The North East Automotive Alliance’s Paul Butler says UK competitiveness could decline without measures taken.
The body representing North East automotive firms has called for a level playing field with other countries competing for sector investment.
North East Automotive Alliance boss Paul Butler said he echoed the recent comments of Unipart executive chairman John Neil, who revealed his 8,000-job firm was assessing whether to “pivot” to the US in the wake of “gaming changing” incentives offered by the US authorities. Mr Butler, who leads the body billed as the UK’s largest automotive cluster, representing more than 300 firms, called for the Government to step up or risk losing business.
He said: “I echo the thoughts of many others in the UK automotive sector, all we ask for is a level playing field with competition across the globe, particularly Europe. North East based multinationals compete internally for investment, without similar support the business case for investment does not stack up to that of our international competition and therefore investment will go to other non-UK plants and UK competitiveness declines. This is particularly important as when it comes to allocating supply contracts the UK subsidiaries cannot compete with their sister plants and therefore there is a danger that future business is lost to the UK.”
The US Government’s $360bn Inflation Reduction Act offers significant subsidies and tax incentives to firms in the electric vehicle manufacturing space. And the EU’s proposed response to the move, Green Deal Industrial Plan, has also tried to entice producers by relaxing state aid rules.
Both moves have the potential to cause disruption to UK automotive manufacturing, of which the North East contributes 30% of all passenger vehicles made here. The region’s supply chain has battled against numerous headwinds in recent years, including semiconductor chip shortages, high energy prices and Covid disruption.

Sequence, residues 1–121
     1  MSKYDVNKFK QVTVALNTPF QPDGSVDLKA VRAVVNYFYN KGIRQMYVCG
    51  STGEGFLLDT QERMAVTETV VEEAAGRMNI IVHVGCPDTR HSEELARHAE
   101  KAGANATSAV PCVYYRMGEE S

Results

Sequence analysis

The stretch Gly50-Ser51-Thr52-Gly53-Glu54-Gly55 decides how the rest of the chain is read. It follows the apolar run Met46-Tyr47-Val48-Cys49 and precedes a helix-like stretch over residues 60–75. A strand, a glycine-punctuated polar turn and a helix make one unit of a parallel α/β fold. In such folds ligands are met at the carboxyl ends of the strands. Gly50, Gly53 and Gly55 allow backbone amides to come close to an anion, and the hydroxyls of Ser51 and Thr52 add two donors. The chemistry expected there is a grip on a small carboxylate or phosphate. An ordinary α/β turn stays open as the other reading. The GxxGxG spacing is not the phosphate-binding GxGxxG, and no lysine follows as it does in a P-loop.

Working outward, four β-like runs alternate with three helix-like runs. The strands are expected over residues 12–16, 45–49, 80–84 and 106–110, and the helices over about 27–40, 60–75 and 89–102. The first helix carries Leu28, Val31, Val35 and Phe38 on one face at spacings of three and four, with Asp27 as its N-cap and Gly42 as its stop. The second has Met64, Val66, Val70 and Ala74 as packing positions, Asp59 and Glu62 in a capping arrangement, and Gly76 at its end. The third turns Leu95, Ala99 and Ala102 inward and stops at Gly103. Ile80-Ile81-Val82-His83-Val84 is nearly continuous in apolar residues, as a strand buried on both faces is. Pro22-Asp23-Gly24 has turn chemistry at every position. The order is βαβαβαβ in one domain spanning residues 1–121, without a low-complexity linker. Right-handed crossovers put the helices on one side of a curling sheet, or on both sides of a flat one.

New figures for the first three months of year show a 6% increase in the number of cars built in the UK – a level still well below pre-pandemic levels. On the back of the data, Mike Hawes, chief executive of the Society of Motor Manufacturers and Traders, said: “If British car manufacturing is to get back towards those levels, with all the economic benefits that brings, we need to match the best in global competitiveness. “That means driving down the high cost of UK energy, reforming business rates and vigorously promoting Britain globally to secure the investments essential to a zero-carbon automotive future.”
Mr Hawes has previous said the UK has the capabilities to produce all of the components needed to make electric vehicles, but has called on the Government to lead a strategy to realise the country’s potential. Introducing an SMMT report published last month he said: “We must scale up and do so rapidly. This means creating the conditions to retain and attract investment, capture earlier and greater UK-based value in battery production, drive the rapid growth of the electrified supply chain and secure the trade agreements that guarantee the supply of mineral sand the openness of markets. This requires a Government-led strategy and action delivered at pace.”
The Chancellor has said there will be a response to the US’ Inflation Reduction Act later this year, and wrote in The Times newspaper that the UK is “not going toe-to-toe with our friends and allies in some distortive global subsidy race”.